0370 270 6000

already registered?

Please sign in with your existing account details.

need to register?

Register to access exclusive content, sign up to receive our updates and personalise your experience on brownejacobson.com.

Privacy statement - Terms and conditions

the end of PADs

14 December 2010

The recent decision of Ivey v London Borough of Newham (17 November 2010 - Willesden County Court) gives some hope to local authorities seeking to defend applications for costs on pre-action disclosure applications.

The facts

The claimant made an application against the London Borough of Newham for pre-action disclosure and for the council to make a declaration as to liability.

As the council had been unable to provide disclosure in accordance with the pre-action protocol, the application was not opposed and, before the hearing, the defendants solicitors agreed the terms of an order for disclosure.

The application for a declaration as to liability was opposed as the court has no power to award this and the claimants solicitors agreed to withdraw this part of the application in advance of the hearing.

The only outstanding issue was in relation to costs. The claimants solicitors contended that there had been a breach of the pre-action protocol, that they had been entitled to issue their application and that accordingly they should be entitled to their costs.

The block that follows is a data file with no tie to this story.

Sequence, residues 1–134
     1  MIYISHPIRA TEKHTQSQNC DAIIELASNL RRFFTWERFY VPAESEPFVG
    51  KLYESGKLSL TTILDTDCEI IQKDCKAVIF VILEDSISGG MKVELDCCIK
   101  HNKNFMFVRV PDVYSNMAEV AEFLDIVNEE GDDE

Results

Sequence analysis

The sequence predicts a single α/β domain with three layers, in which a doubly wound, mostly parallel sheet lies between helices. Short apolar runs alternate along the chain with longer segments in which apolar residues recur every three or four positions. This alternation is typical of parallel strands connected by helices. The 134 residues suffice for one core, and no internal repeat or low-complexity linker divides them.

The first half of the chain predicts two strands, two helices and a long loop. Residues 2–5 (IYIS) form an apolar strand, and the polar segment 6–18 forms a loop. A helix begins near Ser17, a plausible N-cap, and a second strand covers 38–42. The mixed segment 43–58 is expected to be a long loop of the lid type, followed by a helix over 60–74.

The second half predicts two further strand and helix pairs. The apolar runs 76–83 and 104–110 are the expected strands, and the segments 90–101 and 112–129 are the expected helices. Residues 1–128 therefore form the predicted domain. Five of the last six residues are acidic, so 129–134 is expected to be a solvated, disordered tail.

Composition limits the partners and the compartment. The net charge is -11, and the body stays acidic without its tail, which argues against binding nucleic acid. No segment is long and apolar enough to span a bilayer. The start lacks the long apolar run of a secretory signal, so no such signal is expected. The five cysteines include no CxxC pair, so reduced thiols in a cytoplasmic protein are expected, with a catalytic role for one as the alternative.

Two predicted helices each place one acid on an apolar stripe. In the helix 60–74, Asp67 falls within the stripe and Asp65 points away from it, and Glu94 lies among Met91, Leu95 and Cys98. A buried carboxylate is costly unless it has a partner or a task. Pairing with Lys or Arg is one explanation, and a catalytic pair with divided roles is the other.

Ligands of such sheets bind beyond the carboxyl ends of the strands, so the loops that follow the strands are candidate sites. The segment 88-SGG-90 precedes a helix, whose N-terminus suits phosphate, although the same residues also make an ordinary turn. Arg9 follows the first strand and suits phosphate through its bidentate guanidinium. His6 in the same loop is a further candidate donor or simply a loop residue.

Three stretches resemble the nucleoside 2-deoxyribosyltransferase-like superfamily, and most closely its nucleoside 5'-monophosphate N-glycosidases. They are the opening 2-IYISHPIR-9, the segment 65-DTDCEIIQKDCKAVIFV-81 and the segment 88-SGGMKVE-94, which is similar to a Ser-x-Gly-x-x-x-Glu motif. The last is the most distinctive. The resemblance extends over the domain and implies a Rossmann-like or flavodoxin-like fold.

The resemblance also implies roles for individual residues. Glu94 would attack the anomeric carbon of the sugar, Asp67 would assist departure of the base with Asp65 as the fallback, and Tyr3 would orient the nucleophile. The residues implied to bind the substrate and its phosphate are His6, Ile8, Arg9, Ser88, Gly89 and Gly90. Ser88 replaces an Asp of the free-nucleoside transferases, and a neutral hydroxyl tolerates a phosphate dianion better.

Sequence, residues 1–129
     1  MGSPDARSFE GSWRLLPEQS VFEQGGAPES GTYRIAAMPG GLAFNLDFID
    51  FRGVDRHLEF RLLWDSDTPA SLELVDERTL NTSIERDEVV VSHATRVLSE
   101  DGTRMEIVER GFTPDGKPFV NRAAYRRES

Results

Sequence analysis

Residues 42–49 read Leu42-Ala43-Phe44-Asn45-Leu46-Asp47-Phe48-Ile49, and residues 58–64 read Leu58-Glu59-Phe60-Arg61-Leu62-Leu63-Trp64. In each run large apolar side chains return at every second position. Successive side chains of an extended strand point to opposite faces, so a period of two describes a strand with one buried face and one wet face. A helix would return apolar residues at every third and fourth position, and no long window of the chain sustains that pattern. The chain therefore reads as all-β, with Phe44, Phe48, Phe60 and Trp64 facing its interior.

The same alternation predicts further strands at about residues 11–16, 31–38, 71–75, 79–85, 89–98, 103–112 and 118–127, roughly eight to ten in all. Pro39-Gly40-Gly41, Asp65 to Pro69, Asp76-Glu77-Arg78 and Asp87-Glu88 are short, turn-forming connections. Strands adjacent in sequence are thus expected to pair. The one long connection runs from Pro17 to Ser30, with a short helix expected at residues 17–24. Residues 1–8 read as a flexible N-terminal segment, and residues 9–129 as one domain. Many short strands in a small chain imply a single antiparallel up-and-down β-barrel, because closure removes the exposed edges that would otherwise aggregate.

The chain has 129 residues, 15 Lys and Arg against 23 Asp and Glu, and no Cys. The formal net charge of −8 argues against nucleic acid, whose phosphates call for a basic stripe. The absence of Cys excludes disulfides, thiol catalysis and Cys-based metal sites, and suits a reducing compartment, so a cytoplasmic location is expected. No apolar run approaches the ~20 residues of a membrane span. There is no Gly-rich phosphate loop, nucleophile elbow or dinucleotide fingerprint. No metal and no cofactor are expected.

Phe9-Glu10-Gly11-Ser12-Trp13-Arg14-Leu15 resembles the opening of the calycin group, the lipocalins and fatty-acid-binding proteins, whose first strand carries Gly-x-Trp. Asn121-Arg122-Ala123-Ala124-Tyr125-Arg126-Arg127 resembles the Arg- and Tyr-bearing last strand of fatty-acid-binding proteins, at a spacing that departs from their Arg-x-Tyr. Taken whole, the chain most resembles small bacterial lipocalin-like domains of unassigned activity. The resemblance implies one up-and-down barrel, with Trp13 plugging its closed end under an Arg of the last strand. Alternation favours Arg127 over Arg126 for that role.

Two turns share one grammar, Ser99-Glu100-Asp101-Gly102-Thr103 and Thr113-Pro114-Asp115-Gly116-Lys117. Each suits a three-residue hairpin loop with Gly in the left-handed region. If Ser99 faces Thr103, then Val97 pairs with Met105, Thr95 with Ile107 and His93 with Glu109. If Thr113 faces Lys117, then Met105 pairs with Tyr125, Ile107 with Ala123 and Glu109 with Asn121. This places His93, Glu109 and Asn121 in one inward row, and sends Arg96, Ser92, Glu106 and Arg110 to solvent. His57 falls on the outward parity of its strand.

The council did not dispute that the claimant was entitled to issue the application for disclosure but disputed that she was entitled to her costs and contended that, at best, the correct order was "no order as to costs".

A reminder of the rules

The general rule on costs on an application for pre-action disclosure is that the court will award the defendant his costs of the application and of complying with any order made on the application (CPR Part 48.1(2)).

The court may however, make a different order, considering all the circumstances, including the extent to which it was reasonable for the defendant to oppose the application and whether the defendant had complied with any relevant pre-action protocol.

The defendant here contended that it has not opposed to the claimants application; indeed, the defendant had consented to provide the claimant with disclosure.

The Council accepted that it was in breach of the pre-action protocol by failing to provide a liability response but submitted that the reason for this was due to staff shortages at the defendant council which had prevented the completion of liability investigations and the collation of relevant documentation.

They also relied on the Court of Appeal decisions in Bermuda International Securities Ltd v KPMG [2001] and SES Contracting v UK Coal Plc [2007] which held that the court may depart from the normal rule as to costs where it was unreasonable for the respondent to oppose the application or where the manner of his opposition was so unreasonable as to make it appropriate to require him to bear the whole of both parties costs. The council submitted that these factors did not apply here.

Decision